In conjunction of celebrating Diwali, or Deepavali, I would like to share the origin of this Hindu festival that is celebrated in India as well by the Indian diaspora around the world.
First of all, what is Diwali? In Sanskrit, Diwali means “rows of lighted lamps”, hence this five-day celebration is also known as the festival of lights as clay lamps known as diyas are lighted up to signify the victory of good over evil and knowledge over ignorance.
Diwali is one of the major celebrations that is celebrated by Hindus, Jains, Sikhs and some Buddhist, notably the Newar Buddhists where it is celebrated during the Hindu lunisolar month, Kartika (between mid-October and mid-November).
At the same time, the festival is widely associated with Lakshmi, the goddess of prosperity, with many other regional traditions connecting the celebration to Sita and Rama, Vishnu, Krishna, Yama, Yami, Durga, Kali, Hanuman, Ganesha, Kubera, Dhanvantari or Vishvakarman. In northern India, it is celebrated as the day when Rama had returned to his kingdom Ayodhya with his wife Sita and his brother Lakshmana after defeating Ravana in Lanka and having to serve 14 years of exile.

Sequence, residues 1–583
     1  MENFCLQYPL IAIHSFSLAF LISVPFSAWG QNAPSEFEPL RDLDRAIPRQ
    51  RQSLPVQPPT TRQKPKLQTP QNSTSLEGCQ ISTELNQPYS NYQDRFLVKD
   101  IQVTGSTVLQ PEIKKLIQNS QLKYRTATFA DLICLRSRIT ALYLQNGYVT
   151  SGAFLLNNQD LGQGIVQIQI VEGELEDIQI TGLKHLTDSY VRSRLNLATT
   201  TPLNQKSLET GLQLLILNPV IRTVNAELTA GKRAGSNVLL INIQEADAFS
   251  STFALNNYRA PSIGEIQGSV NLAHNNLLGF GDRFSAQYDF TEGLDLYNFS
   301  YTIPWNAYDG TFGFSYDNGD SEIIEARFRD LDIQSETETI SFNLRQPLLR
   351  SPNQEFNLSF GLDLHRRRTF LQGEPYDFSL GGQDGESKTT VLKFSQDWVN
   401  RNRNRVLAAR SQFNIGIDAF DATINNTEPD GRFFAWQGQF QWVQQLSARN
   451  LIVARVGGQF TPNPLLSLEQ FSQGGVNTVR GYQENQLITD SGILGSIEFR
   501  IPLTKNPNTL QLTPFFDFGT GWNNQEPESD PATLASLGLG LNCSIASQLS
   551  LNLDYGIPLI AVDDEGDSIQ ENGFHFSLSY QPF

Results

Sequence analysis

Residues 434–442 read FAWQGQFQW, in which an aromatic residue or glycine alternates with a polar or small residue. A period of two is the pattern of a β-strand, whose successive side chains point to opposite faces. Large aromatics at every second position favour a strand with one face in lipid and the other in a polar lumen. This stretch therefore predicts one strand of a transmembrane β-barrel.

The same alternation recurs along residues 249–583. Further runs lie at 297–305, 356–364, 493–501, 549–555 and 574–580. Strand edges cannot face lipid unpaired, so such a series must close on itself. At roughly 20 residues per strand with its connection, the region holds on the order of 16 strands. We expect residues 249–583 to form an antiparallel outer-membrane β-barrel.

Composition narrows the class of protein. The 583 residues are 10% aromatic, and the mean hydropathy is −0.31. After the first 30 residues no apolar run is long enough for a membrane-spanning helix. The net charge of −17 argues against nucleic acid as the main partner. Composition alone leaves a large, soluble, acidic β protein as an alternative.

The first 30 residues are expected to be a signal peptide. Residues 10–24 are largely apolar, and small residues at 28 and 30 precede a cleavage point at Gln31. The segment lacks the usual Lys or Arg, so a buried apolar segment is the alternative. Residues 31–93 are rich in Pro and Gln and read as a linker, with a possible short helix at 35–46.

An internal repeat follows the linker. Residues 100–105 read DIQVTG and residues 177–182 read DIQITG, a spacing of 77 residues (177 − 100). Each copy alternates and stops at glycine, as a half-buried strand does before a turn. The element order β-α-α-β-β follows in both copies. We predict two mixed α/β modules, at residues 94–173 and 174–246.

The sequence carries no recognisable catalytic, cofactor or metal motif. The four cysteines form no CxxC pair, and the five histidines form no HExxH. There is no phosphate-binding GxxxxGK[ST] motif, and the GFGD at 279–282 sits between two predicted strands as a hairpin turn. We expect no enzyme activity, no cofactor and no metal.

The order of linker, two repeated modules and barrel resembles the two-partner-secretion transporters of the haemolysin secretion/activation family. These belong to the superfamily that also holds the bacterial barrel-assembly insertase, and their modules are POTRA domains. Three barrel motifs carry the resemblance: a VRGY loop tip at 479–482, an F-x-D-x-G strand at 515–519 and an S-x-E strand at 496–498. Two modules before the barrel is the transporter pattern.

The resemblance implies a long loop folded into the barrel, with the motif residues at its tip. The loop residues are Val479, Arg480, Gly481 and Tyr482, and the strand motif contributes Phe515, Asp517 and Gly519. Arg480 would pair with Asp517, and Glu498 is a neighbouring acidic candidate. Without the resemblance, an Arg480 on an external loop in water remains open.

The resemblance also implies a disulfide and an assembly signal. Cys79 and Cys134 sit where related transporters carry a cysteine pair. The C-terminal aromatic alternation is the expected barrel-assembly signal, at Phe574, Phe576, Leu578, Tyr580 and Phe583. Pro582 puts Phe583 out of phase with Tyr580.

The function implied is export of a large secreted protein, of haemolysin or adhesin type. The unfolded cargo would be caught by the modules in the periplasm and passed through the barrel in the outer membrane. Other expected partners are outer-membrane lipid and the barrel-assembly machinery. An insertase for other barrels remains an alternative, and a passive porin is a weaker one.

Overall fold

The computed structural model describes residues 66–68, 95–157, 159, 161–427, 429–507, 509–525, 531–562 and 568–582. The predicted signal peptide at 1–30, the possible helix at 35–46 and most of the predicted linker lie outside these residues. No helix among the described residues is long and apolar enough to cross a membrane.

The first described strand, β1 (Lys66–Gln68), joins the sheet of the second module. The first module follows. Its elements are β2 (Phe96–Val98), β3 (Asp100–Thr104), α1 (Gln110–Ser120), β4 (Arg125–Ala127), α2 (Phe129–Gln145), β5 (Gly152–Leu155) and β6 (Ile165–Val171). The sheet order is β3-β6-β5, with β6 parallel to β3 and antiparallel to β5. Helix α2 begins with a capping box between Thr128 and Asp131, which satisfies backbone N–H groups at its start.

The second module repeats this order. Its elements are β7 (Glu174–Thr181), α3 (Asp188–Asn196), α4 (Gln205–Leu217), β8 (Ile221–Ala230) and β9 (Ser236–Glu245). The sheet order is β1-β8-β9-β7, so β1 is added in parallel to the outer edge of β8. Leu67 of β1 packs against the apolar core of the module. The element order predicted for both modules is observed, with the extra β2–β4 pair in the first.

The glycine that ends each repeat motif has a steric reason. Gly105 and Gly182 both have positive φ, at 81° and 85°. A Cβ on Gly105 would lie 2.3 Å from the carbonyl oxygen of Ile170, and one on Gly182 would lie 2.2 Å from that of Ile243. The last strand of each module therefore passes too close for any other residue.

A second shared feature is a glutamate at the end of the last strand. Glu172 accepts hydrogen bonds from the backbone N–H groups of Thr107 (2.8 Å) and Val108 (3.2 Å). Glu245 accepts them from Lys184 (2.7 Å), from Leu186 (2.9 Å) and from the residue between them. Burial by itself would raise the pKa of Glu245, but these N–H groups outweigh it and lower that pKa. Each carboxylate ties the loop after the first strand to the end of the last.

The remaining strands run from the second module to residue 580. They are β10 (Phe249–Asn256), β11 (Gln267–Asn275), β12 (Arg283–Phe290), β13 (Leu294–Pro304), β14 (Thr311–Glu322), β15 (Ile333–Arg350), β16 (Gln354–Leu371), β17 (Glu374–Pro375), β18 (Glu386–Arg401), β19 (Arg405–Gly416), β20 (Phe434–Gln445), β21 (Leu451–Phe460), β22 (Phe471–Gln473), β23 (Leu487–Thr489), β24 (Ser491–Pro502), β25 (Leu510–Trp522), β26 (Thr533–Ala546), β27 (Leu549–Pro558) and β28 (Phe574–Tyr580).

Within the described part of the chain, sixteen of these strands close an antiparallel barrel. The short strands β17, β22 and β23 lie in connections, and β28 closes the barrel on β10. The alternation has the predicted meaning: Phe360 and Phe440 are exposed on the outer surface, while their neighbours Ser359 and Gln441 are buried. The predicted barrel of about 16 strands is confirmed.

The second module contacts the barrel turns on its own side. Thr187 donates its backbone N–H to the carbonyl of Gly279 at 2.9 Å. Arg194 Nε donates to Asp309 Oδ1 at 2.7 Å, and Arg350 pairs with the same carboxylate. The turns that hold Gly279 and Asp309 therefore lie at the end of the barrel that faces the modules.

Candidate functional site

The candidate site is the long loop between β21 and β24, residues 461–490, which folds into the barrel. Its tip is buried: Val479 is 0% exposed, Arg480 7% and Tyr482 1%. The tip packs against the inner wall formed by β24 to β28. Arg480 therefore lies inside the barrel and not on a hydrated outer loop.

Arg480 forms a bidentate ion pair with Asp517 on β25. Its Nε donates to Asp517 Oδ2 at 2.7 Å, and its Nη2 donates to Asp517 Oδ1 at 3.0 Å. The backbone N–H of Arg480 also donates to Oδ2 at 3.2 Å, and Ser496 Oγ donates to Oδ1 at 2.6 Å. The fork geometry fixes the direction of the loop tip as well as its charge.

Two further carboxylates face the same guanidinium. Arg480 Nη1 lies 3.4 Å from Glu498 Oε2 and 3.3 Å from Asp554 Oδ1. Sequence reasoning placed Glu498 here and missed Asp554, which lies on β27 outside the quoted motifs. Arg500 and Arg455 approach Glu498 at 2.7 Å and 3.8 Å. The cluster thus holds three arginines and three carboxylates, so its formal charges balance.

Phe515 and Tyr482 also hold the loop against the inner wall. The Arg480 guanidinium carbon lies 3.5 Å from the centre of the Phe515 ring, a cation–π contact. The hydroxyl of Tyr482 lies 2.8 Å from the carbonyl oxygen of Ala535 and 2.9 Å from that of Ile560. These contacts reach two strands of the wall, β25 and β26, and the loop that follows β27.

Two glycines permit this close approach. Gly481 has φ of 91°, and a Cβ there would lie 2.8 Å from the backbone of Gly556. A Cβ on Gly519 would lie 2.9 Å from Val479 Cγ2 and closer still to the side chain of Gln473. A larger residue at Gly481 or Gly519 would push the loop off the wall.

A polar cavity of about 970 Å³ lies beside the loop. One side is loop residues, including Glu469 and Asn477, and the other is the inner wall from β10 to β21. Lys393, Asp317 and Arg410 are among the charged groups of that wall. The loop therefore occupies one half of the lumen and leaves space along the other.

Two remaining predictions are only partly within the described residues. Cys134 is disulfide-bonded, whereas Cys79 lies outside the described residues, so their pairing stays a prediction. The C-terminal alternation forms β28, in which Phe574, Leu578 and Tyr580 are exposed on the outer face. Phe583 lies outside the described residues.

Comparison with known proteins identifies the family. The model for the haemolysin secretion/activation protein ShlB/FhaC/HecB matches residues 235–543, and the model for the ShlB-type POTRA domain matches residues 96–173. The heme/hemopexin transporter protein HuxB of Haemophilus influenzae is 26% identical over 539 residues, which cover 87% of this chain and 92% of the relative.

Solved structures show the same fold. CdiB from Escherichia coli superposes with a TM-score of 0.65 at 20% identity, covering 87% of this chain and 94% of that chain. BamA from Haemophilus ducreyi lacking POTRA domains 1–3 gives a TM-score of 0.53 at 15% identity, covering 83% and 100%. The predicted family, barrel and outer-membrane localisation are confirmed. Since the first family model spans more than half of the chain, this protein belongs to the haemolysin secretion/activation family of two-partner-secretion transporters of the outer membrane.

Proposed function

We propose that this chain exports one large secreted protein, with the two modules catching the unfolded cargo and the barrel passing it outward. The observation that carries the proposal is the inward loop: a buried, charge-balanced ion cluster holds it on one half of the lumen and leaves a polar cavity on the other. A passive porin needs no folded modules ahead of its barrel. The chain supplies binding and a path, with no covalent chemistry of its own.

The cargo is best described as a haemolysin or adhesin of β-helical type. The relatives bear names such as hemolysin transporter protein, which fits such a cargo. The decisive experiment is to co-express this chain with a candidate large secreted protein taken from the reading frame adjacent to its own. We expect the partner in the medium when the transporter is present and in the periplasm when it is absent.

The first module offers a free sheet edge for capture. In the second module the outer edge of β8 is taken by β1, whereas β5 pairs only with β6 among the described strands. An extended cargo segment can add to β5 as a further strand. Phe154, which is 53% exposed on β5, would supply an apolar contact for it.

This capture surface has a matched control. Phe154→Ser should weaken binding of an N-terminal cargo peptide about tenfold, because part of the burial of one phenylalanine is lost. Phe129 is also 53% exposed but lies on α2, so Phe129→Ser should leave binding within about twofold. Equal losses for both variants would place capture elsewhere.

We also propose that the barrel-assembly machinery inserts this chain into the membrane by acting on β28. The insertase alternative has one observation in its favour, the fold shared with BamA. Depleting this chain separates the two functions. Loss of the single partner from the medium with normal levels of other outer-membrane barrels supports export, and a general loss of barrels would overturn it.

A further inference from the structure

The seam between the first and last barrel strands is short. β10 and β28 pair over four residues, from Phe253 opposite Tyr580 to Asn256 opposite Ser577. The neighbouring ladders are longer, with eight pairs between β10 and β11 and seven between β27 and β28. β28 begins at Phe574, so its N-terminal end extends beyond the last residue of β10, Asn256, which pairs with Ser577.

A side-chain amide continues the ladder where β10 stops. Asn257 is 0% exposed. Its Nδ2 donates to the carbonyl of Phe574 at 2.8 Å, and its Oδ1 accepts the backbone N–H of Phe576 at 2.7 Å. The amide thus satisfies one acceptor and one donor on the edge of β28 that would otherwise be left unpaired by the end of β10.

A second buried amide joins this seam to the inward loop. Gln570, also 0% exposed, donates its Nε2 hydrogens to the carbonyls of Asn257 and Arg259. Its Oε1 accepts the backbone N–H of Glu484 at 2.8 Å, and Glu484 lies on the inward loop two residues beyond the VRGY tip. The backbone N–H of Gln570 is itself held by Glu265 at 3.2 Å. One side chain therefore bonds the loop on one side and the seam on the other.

However, in southern India, it is celebrated as the day Lord Krishna defeated the demon Narakasura, while in western India, Diwali marks the day of Lord Vishnu, one of the main gods of the Hindu trinity for sending the demon King Bali back to the nether world.
Meanwhile, in Jainism, it marks the nirvana or spiritual awakening of Lord Mahavira and for the Sikhs, they celebrate Diwali because Guru Hargobind was released from a Mughal Empire prison.